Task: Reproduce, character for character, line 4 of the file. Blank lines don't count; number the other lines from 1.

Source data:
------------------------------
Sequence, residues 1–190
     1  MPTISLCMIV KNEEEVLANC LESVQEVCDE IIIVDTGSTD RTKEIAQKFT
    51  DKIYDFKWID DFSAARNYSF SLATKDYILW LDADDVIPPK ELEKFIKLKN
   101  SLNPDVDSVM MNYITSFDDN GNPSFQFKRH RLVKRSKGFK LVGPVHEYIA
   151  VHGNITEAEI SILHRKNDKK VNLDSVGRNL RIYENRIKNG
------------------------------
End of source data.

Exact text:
   101  SLNPDVDSVM MNYITSFDDN GNPSFQFKRH RLVKRSKGFK LVGPVHEYIA